…filthy aesthetics and death camp…
After a gay (as in happy) introduction to gay (as in homosexual) camp, our second installment on the third ‘bad taste’ theme takes a nasty turn toward the excessive and the excremental. We’ll be reading bits of Leo Bersani’s “Is the Rectum a Grave?”; Carol Flynn’s “Deaths of Camps”; and “The Filthiest People Alive,” the first chapter of Shock Value: A Tasteful Book about Bad Taste by John Waters, the king of camp cinema himself.
To prepare for our discussion, preceded by Kyler’s presentation, please watch the trailer and this clip from Pink Flamingos. The infamous ending of Divine eating dog sh*t is here, for those strong of stomach. Nb. the other clip includes a flash of human feces in a box.
Note that our class will split the responsibility for the readings in two. Look below to see which camp is your camp!
Now here’s Kyler!
We began the semester examining the ways in which we consume art, and this idea of consumption, of tasting has traveled along with us. We have looked at camp alongside death and filth in the case of Stalin’s son throwing himself against an electric fence in escape of the latrine. From the “son of God” facing his bodily bowels, we have arrived at Divine as she inverts the project of aesthetic taste as she literally consumes the filthiest of abject excrement at the end of Pink Flamingos.
Bersani and Flinn show how camp venerates and reworks the representation of the body. By performing, showing, displaying the body in its most abject and excessive, camp subverts, perverts, and undermines dominant cultures which seek to unify a a universal human subjectivity. What I am most interested in is the ways in which camp may problematically reproduce abjectification on the racialized, gendered, and sexed bodies.
Bersani states, “male gay camp is largely a parody of women” (Bersani, 14). While the excessive performances of gender may subvert, male gay camp still insists on reproducing the abject qualities assigned to femininity. Among these attributes include mindlessness, asexuality, hyper-sexuality, bitchiness and things like unattainably lofty glamour and beauty. Bersani claims this works to “desublimate and desexualize a type of femininity glamorized by movie stars, whom he thus lovingly assassinates with his style” (14).
There is then an interesting connection between the gay male and female sexuality. Bersani describes how myths of female sexuality are mapped onto gay male bodies including ideas of multiple orgasm, their proclivity to receive endless sex. With this comes the notion of the only “honorable” sexual position involves being active, dominating, penetrating, authoritative. Bersani claims that even in gay male sexual activity, especially in BDSM and hyper-masculine performances, there exists subversive potential. In this sense, gay sex reimagines the body as having possibility outside of a universal human experience, perhaps with chickens, or feet, or leather, or sado-masochism. Therein lies camp. In many way, camp undoes identity essentialism. Flinn states it unseats “ a string of binary oppositions: male/female; straight/queer; signifier/signified; surface/depth; self/other”. Camp takes these signifiers and performs them to extreme excess. This is excess can “threaten a system with its potential collapse and undoing”.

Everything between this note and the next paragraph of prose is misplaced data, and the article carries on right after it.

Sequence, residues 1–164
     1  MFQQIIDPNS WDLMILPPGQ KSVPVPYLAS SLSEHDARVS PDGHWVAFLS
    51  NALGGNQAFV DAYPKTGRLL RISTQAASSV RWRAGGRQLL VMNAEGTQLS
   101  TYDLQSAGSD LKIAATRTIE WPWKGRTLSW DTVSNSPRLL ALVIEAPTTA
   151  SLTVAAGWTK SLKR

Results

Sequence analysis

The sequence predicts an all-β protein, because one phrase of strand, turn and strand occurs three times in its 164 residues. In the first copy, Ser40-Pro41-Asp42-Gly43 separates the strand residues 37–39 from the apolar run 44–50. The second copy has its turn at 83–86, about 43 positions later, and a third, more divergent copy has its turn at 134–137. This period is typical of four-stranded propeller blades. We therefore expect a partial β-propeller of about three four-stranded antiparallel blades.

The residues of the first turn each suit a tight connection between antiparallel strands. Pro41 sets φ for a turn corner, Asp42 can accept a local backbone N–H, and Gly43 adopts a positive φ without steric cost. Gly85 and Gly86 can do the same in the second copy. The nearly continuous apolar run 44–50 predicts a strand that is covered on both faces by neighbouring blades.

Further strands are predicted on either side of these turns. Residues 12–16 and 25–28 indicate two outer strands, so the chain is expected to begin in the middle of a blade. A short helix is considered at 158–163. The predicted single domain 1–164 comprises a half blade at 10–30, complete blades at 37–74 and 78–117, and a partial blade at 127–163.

Flinn largely questions the overwhelming positivity of this “loving annihilation”. Camp is gravely preoccupied with decay and death. Camp assaults the female body. Camp is a “phallic imposture that protects the male performer from the threat of loss of his virility.” As the camp superhero yields a phallic gun, so does Divine. Camp is described as nostalgic and necrophilic; it has a grim preoccupation with the link between glamour and death. Many of the hollywood icons camp idolizes – Marilyn Monroe, Judy Garland – suffer, and suffer beautifully. Camp is aggressive, cruel.
While camp is shown to destabilize essentialist notions of identity, camp is invoked to homogenize a gay identity and is largely thought to be unique to pre-AIDS and pre-Stonewall era of gay existence. How can these two conflicts of identity be reconciled?
We see gender and race come up again and again when invoking camp. As a traditionally gay white (middle class) male-oriented sensibility, does camp perpetuate or undermine racist, sexist, classicist archetypes it performs to excess? Flinn poses a similar question, “Does the re-abjectification of the maternal body or the body of ‘movie star’ glamour in conventional camp practices essentialize heterosexual women as grotesque, as ‘bad objects’?”
Last, how is the way in which Pink Flamingos was received indicative of camp’s relation to mainstream dominant culture? Does its emphatically positive reviews erase its filthy motives?